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Secretariat and Me

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The Incomparable Secretariat (photo taken at Claiborne Farm)

The Incomparable Secretariat
(photo taken at Claiborne Farm)

So, what’s this about Secretariat? THAT Secretariat? Yes, there was only one; and in 2013 racing celebrated the 40th anniversary of his amazing Triple Crown. Even if you don’t follow horse racing closely, I’m sure you’ve heard of the Super Horse of 1973 (and 1972)! Secretariat was a phenomenon. He was not undefeated in his career, but – in my mind – that only goes to prove that this was a flesh and blood athlete who, when he was at the top of his game, was the best that ever was. The 44th anniversary of his birth is rapidly approaching (March 30), so I wanted to make certain that my remembrance was posted before the celebration.

 

Secretariat's Amazing Leap at the Preakness 1973

Secretariat’s Amazing Leap at the Preakness 1973

There are those who say that Man O’War was better. I couldn’t say for certain. I don’t know that anyone truly can. Those who saw them both run couldn’t even agree. Let’s just put all that to bed and say that they both were bright, immensely talented, beautiful-to-look-at, beings who inspired legions with their ability to run. They were immediate celebrities who captured the attention and imaginations of generations. That’s a lot to say about one horse – let alone, two.

Secretariat also came into our lives at a time where the country desperately needed a hero. We had been through years of the tortuous and divisive war in Vietnam. On the heels of that, there was the Watergate scandal. To say that there were a great number of us (especially those of my age group) who were becoming increasingly disillusioned was putting it mildly. This was the early times of the “hippie” movement and counter-culture. Secretariat was a bright, shining beacon of truth and beauty. Even those who had never seen a horse race or had any previous interest in horses tuned into the innocence and power of the amazing, chestnut. Secretariat, in full flight, was almost a mythical beast. His stride (which later turned out to be the greatest measured) ate the ground. He was poetry in motion. It was a kind of beauty that almost everyone could appreciate.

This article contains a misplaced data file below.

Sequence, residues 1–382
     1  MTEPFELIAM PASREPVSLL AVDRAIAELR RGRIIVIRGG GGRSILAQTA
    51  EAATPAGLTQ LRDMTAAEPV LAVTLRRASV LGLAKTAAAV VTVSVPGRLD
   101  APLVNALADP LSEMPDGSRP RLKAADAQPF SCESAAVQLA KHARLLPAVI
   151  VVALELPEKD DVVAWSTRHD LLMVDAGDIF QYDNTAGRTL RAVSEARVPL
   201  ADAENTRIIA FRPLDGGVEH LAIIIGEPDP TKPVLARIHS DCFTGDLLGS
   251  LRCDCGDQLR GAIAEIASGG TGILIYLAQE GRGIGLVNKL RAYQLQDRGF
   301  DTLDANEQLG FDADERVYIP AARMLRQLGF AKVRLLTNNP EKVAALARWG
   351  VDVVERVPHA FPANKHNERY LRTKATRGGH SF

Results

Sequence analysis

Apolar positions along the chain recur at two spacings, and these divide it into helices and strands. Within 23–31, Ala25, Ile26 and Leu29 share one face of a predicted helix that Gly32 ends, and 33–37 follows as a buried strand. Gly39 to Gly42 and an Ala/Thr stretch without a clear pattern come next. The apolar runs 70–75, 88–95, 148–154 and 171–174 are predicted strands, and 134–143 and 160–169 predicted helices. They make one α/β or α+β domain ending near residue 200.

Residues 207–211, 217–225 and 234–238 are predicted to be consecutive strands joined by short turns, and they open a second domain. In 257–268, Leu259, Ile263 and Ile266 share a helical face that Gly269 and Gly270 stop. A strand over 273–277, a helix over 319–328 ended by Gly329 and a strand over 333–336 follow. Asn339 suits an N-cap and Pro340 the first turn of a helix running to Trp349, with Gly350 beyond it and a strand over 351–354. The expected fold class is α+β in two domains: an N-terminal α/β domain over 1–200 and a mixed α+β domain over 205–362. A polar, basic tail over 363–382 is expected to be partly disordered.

Secretariat is so iconic that the greats have photographed him

Tony Leonard's Iconic Photo of Secretariat at the Belmont

Tony Leonard’s Iconic Photo of Secretariat at the Belmont

(this example is the famous photo of Secretariat at the Belmont by the late, great photographer, Tony Leonard),

Fred Stone's "Final Tribute" - Secretariat

Fred Stone’s “Final Tribute” – Secretariat

and painted him (this is Secretariat – Final Tribute by the incomparable, Fred Stone).